The stupidity, or corruption ( or most likely a combination) of the thinking of these two is disgraceful to those of us they represent. ZONING is a word they have no desire to comprehend . If we all have the right to do what we want with our homes zoned Single Family what will their comment be when pot dispensaries begin to ‘crop up’ just anywhere without any ZONING requirements ??? To take away Home Rule power is what communism is all about. Let’s remember that next time we vote unless these dudes break off their profitable romance with ARBNB , the FLOARIDA REALTORS ( headquarters Orlando – formerly ‘Florida Association of Realtors’ who sponsored the Senate Bill in total conflict in their existence to ‘protect the rights of single family buyers and sellers and educate agents….
    Steube has a website ad sends e-mails out monthly ad keeps his name sounding very important. Our guys don’t do crap

  14. Bc. says:

    Did not reall want to comment again. But we must vote the corrupt politicians out lets get ride of them once and for all. We need people in office that will do what the voters want. We want a safe quiet neighborhood. Its absurd that they would let over crowding in a single family home lets get rid of the bums once and for all

  15. Robert Lewis says:

    Thanks for the invite! I will bring the beer and a pie.
    Sounds like your issue is isolated. If it were a repeat instance of public urination, I’m sure the sheriffs office would be called. But to not allow some into your neighborhood because they drink or curse, seems ahoy privileged. How dare we disrupt your stolen paradise. Not all of us can afford the over priced Hammock Beach Resort. These are public beaches that should be enjoyed by the public. Yet subdivisions like yours have conquered the beaches. Let’s talk about home rule and land stealing. I’d love to meet the commissioners that gave away all our beach access to accomdate the wealthy and privileged.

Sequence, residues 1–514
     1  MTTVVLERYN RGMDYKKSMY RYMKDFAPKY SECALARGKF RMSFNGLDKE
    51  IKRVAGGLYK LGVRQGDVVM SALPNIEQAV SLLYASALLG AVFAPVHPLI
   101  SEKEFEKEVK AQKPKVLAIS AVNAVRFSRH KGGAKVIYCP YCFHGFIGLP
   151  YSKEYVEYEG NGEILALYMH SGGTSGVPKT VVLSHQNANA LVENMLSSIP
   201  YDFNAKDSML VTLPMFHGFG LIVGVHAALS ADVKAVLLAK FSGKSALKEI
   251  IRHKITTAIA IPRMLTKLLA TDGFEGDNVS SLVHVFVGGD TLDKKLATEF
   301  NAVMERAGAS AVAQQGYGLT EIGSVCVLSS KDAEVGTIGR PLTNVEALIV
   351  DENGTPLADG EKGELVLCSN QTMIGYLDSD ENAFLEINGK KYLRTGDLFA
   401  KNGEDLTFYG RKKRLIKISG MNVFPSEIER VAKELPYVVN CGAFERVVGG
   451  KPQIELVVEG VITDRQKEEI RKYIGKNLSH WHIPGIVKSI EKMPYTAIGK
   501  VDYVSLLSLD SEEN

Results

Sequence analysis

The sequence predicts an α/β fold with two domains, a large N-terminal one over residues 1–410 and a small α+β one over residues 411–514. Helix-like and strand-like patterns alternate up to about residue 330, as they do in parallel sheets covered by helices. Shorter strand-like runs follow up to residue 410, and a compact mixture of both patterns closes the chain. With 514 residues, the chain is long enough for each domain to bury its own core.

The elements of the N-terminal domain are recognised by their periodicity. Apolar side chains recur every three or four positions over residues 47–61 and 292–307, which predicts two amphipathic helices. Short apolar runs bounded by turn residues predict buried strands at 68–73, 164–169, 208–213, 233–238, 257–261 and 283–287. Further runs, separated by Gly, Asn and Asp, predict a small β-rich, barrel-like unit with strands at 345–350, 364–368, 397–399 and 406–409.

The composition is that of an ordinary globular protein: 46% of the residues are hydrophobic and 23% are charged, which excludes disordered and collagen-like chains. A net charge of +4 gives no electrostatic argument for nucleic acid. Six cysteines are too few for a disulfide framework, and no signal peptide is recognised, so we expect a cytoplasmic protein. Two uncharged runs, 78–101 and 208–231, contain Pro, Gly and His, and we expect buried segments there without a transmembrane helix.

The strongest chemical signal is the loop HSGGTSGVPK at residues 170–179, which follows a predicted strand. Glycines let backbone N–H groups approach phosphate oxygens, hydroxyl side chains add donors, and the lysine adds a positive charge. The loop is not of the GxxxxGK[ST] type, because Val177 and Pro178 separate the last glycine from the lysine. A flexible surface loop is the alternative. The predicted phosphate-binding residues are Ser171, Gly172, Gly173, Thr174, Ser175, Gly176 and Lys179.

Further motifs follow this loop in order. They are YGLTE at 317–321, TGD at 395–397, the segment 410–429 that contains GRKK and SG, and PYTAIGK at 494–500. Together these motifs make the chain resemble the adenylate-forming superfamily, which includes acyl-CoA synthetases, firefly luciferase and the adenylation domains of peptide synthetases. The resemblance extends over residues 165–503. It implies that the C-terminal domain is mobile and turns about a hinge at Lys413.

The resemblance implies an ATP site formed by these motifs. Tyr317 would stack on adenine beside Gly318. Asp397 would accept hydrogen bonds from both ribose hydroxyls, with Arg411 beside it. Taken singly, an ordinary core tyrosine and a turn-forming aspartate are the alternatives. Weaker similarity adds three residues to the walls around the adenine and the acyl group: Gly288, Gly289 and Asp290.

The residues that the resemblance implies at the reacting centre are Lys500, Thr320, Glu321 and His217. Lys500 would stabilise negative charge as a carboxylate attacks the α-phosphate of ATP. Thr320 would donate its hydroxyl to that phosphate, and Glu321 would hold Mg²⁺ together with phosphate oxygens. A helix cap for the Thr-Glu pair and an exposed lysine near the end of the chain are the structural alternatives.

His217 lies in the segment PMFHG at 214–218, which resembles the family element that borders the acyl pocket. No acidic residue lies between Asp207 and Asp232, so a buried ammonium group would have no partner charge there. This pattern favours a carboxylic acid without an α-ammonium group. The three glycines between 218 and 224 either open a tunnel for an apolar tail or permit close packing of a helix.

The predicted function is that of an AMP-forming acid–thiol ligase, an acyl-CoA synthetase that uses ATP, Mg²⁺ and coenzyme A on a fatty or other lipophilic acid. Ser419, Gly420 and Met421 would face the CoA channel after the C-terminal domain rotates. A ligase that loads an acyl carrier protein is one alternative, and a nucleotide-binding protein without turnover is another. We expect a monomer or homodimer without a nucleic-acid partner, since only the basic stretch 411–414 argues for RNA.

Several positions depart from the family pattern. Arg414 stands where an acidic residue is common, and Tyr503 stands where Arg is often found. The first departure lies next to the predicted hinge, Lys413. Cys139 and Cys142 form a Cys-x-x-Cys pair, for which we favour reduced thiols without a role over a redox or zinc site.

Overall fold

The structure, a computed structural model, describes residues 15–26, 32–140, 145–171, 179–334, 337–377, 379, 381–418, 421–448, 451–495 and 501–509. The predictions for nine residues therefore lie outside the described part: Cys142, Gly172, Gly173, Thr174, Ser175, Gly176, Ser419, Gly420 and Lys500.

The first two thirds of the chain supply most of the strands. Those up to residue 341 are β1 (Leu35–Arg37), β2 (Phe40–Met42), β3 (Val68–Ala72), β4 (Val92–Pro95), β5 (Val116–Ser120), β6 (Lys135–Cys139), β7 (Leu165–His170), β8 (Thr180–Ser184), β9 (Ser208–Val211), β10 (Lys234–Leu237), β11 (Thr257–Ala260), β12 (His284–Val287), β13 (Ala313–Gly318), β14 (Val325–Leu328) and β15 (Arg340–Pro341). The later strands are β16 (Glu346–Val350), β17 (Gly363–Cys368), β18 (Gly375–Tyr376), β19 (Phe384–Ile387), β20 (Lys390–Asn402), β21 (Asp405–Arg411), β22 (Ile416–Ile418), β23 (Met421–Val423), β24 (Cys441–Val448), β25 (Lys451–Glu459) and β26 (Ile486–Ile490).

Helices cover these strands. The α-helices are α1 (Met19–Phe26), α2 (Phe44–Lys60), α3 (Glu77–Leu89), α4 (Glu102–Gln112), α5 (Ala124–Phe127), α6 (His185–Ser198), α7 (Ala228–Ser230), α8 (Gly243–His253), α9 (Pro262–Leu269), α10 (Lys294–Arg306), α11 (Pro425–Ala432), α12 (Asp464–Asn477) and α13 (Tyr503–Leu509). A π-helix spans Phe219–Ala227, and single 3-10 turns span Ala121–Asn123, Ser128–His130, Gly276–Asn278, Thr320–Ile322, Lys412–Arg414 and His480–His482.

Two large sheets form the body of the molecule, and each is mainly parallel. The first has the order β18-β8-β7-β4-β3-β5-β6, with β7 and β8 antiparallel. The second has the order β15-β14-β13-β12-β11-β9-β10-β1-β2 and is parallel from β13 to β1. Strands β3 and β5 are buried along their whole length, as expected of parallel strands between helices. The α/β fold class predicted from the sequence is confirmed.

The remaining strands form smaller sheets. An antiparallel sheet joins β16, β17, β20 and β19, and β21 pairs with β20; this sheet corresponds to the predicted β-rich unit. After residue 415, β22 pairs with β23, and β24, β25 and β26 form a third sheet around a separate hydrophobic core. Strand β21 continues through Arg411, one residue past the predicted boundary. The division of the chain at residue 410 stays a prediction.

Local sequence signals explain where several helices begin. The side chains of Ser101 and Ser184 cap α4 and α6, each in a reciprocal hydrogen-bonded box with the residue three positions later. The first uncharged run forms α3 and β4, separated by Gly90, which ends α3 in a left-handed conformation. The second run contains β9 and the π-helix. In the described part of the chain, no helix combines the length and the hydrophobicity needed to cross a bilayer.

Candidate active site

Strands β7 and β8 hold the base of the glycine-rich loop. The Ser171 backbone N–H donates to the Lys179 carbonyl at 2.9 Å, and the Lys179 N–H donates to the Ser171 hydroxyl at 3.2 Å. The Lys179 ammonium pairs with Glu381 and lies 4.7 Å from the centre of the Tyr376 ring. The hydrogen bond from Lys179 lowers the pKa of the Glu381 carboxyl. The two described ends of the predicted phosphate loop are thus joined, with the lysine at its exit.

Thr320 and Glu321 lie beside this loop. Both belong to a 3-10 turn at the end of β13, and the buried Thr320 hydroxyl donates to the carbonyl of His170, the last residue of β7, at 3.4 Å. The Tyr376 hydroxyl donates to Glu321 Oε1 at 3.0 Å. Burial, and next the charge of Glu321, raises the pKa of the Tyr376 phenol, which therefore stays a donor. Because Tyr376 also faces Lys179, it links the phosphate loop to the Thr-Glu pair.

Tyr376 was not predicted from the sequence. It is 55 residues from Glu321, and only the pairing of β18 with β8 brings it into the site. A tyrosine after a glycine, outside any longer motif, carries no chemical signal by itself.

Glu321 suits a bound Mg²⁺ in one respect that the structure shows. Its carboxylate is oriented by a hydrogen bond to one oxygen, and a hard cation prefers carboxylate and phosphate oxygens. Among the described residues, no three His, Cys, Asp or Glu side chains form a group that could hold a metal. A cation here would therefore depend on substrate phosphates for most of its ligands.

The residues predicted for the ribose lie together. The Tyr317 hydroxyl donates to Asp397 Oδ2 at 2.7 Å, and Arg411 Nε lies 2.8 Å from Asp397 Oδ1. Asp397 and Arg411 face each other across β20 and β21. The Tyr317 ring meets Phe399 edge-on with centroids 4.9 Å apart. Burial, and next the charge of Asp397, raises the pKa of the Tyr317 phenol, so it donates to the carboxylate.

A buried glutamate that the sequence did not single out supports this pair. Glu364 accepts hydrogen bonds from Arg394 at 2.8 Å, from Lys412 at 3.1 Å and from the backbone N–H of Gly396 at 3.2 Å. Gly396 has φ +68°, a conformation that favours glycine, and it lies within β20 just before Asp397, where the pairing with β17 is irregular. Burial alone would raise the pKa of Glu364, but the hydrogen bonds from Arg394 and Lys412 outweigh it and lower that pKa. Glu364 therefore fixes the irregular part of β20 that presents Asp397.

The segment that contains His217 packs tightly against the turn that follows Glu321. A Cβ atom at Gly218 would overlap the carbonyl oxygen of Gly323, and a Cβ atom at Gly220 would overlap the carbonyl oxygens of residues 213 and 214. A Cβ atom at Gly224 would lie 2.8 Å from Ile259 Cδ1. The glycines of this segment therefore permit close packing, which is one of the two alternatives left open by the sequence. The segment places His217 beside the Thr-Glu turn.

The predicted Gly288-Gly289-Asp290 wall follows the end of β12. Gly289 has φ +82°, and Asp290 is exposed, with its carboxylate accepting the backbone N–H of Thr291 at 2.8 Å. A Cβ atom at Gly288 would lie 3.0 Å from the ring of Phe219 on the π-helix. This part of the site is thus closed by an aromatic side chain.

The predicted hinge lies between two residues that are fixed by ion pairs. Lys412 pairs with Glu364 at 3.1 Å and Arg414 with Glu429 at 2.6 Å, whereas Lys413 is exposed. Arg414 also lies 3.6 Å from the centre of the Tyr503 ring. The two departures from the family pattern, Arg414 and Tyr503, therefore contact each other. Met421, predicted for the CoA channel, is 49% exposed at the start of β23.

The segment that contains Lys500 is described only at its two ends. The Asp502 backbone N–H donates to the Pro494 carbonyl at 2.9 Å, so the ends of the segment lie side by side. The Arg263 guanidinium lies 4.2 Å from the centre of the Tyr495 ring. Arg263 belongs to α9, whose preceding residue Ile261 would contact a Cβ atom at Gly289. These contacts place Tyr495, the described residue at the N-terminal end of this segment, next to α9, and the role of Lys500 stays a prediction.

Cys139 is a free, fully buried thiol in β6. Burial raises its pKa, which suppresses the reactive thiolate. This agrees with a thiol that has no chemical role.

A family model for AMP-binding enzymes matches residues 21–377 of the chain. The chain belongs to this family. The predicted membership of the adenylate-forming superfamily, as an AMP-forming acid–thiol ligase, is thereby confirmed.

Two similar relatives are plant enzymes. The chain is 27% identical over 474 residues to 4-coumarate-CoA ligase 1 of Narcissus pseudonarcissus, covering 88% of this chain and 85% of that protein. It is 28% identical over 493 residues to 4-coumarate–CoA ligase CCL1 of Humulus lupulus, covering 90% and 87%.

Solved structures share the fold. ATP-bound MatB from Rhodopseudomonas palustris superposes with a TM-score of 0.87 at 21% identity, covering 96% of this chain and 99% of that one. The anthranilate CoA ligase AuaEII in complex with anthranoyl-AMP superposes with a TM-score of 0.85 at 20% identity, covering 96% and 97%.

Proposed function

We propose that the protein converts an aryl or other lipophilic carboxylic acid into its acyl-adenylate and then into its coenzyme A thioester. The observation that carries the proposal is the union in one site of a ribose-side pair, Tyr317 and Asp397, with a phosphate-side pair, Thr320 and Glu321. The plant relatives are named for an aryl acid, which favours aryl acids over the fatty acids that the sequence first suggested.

You’re stance against vacation rentals is more of an infringement upon our rights. Our rights to rent our properties, our rights to vacation in an available location with my family. In one hand you demand visit Florida and in the next you scream not my back yard. Trying to have your cake and eat it too.

  16. Paula says:

    Please visit Old Salt Park and Jungle Hut! We do.

  17. Sherry says:

    I believe that’s why “zoning regulations” are established and why they should be enforced. Those who wish to “commercialize” their single family homes by “renting” them out in a way that is similar to a motel or B&B should be “regulated” and taxed in precisely the same ways.

    You can’t have it both ways! It’s no longer a private residence if you rent it out like a motel!

    If the Hammock resorts doesn’t fit your budget. . . there are camp grounds near the beach in Beverly Beach and Gamble Rogers. While I agree there should be “more” public access to the beach. The “rights” of the local single family home owners should not be violated by those who disrespect what should be common decency and courtesy in the neighborhood. Appropriate REGULATIONS should be implemented and strongly enforced!

  18. Facts says:

    Senator Hutson and Representative Renner. Why not have a townhall meeting on this short term rental issue in our neighborhoods. How about in October when must people are in town. But this meeting should not be open to outside investors including people that represent AIRBNB, Home Away, Florida vacation rental management association. If you really want to get a conscious of your constituents which I doubt. You must insist that they be residents of Flagler County. The registered voter will determine your faith.